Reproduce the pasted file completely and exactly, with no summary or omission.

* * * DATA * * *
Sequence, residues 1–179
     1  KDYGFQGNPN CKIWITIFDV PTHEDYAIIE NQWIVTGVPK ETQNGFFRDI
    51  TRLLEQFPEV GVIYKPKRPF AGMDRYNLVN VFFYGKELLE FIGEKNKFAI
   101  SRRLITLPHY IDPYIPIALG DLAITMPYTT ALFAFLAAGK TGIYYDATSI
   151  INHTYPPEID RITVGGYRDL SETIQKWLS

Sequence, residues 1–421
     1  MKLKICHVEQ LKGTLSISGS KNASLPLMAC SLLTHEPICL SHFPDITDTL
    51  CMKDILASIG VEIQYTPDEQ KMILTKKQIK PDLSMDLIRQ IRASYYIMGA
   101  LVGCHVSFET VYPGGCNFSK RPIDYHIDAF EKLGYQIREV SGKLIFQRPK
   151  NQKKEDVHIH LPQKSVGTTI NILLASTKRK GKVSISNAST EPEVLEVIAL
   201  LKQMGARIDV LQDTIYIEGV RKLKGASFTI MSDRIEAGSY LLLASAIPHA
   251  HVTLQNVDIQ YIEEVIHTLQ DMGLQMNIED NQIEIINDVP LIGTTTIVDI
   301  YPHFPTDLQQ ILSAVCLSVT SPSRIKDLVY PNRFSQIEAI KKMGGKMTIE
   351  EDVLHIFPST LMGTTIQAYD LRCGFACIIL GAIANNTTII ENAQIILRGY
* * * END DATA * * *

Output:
Sequence, residues 1–179
     1  KDYGFQGNPN CKIWITIFDV PTHEDYAIIE NQWIVTGVPK ETQNGFFRDI
    51  TRLLEQFPEV GVIYKPKRPF AGMDRYNLVN VFFYGKELLE FIGEKNKFAI
   101  SRRLITLPHY IDPYIPIALG DLAITMPYTT ALFAFLAAGK TGIYYDATSI
   151  INHTYPPEID RITVGGYRDL SETIQKWLS

Sequence, residues 1–421
     1  MKLKICHVEQ LKGTLSISGS KNASLPLMAC SLLTHEPICL SHFPDITDTL
    51  CMKDILASIG VEIQYTPDEQ KMILTKKQIK PDLSMDLIRQ IRASYYIMGA
   101  LVGCHVSFET VYPGGCNFSK RPIDYHIDAF EKLGYQIREV SGKLIFQRPK
   151  NQKKEDVHIH LPQKSVGTTI NILLASTKRK GKVSISNAST EPEVLEVIAL
   201  LKQMGARIDV LQDTIYIEGV RKLKGASFTI MSDRIEAGSY LLLASAIPHA
   251  HVTLQNVDIQ YIEEVIHTLQ DMGLQMNIED NQIEIINDVP LIGTTTIVDI
   301  YPHFPTDLQQ ILSAVCLSVT SPSRIKDLVY PNRFSQIEAI KKMGGKMTIE
   351  EDVLHIFPST LMGTTIQAYD LRCGFACIIL GAIANNTTII ENAQIILRGY